They wrote: “We recorded dietary habits and food consumption using a food frequency questionnaire adapted to meet specific study objectives. Analysis of semen parameters, hormone levels, Y microdeletions, and karyotypes were also carried out.
“Frequency of intake food items were registered in a scale with nine categories ranging from no consumption to repeated daily consumption.
“Controls had a higher intake of skimmed milk, shellfish, tomatoes, and lettuce, and cases consumed more yogurt, meat products, and potatoes. In the logistic regression model cases had lower intake of lettuce and tomatoes, fruits (apricots and peaches), and significantly higher intake of dairy and meat processed products.”
Botanically called Daucus carota, carrots belong to the family Apiaceae and is cultivated throughout the world as a useful vegetable. Apart from its wide usage as a vegetable, different parts of this plant have been used in folk medicine for the treatment of a broad spectrum of aliments including kidney dysfunction, asthma, worm infections, inflammation and leprosy.
According to some studies, carrot extract has also some protective effects on myocardial infarction (heart attack) and lindane-induced hepatotoxicity.
The plant has been extensively studied for its chemical composition and a large number of active ingredients such as volatile oils, steroids, tannins, flavonoids, and caroten have been isolated.
Recently, pharmacological studies have shown that Daucus carota seeds exhibit antifertility properties in females.
Majumder et al. have shown that the petroleum ether extract and fatty acids of carrot seeds are able to arrest the normal estrus cycle of the adult mouse and reduce the weight of ovaries significantly. They also found that treatment with carrot seed extract (CSE) can lead to a significant inhibition of delta 5,3-beta-hydroxy steroid dehy- drogenase and glucose-6-phosphate dehydrogenase, the two key enzymes involved in ovarian steroido- genesis, in mouse ovaries.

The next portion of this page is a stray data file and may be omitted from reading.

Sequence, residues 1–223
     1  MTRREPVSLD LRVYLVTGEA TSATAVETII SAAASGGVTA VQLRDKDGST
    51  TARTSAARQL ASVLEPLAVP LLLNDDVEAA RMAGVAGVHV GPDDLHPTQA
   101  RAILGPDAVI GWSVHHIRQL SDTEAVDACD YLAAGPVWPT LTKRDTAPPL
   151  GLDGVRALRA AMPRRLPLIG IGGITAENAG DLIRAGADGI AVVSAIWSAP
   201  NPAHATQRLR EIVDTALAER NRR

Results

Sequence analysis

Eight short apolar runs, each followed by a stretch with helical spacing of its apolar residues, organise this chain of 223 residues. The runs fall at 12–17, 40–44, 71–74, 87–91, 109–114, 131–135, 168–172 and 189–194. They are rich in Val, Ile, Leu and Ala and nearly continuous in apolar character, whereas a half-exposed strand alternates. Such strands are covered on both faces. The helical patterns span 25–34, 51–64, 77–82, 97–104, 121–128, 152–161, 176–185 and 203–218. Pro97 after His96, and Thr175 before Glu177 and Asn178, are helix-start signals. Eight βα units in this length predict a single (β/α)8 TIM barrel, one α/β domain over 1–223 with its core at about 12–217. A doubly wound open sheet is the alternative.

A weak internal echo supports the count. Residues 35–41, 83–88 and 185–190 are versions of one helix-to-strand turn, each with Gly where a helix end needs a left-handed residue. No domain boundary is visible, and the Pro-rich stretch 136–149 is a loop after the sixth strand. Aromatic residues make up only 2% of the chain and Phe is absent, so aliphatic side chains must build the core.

In another in vitro study carried out using an isolated rabbit ovarian perfusion system, it was found that progesterone and human chorionic gonadotropin-induced progesterone secretions are significantly diminished after the acute feeding of carrots.
The effects of carrot on human fertility have been also mentioned in Iranian traditional medicine. In the Zakhireh Kharazmshahi (Kharazmshahi’s Treasure), a book written by Seyyed-Esmail Jorjani born in the 11th Century, one chapter was allocated to the properties of carrots.
Interestingly, according to Jorjani, the effect of carrot on fertility is gender dependent. He claimed that carrot can increase the potency in men, while in women it stimulates menstruation, with its seeds being more effective than other parts of the plant. There is also a direct relation between potency in men and the levels of testosterone, which could be affected by gonadotrophins. It is also well-known that testosterone is able to increase spermatogenesis.
Meanwhile, the Harvard School of Public Health and Universities in Canada, Copenhagen, Murcia and New York, publication was a cross-sectional study looked for a potential association between a diet high in antioxidants and the quality of sperm.
According to the report, as this was a cross-sectional study it cannot prove causation. It cannot prove that the antioxidants caused better quality semen, as the relationship between the two is likely to be influenced by a variety of other confounding health and lifestyle factors.
Ideally, a randomised controlled trial would be carried out to prove cause and effect. However, such a trial randomising men to different diets and then following them up over months or years to examine their sperm quality may not be feasible or ethical.
The researchers recruited 389 young men from university and college campuses in Rochester, New York. A 131-item food frequency questionnaire at the start of the study was completed by only 194 of the men. Men were further excluded if they did not provide information on calorie intake, or if their calorie intake was less than 600 kcal or more than 15,000 kcal a day. The total sample size was 189 men with an average age of 19. Men were paid $75 to participate.
Each man provided a semen sample, which was analysed within half an hour for: semen volume; sperm count; sperm motility; and sperm morphology.
From the food and supplement frequency questionnaire, the researchers estimated the amount of the following micronutrients in their diet: vitamin A; vitamin C; vitamin E; and carotenoids (alpha-carotene, beta-carotene, beta-cryptoxanthin, lutein and lycopene).
The researchers then performed statistical analyses to look for links between the amount of each micronutrient consumed and semen quality.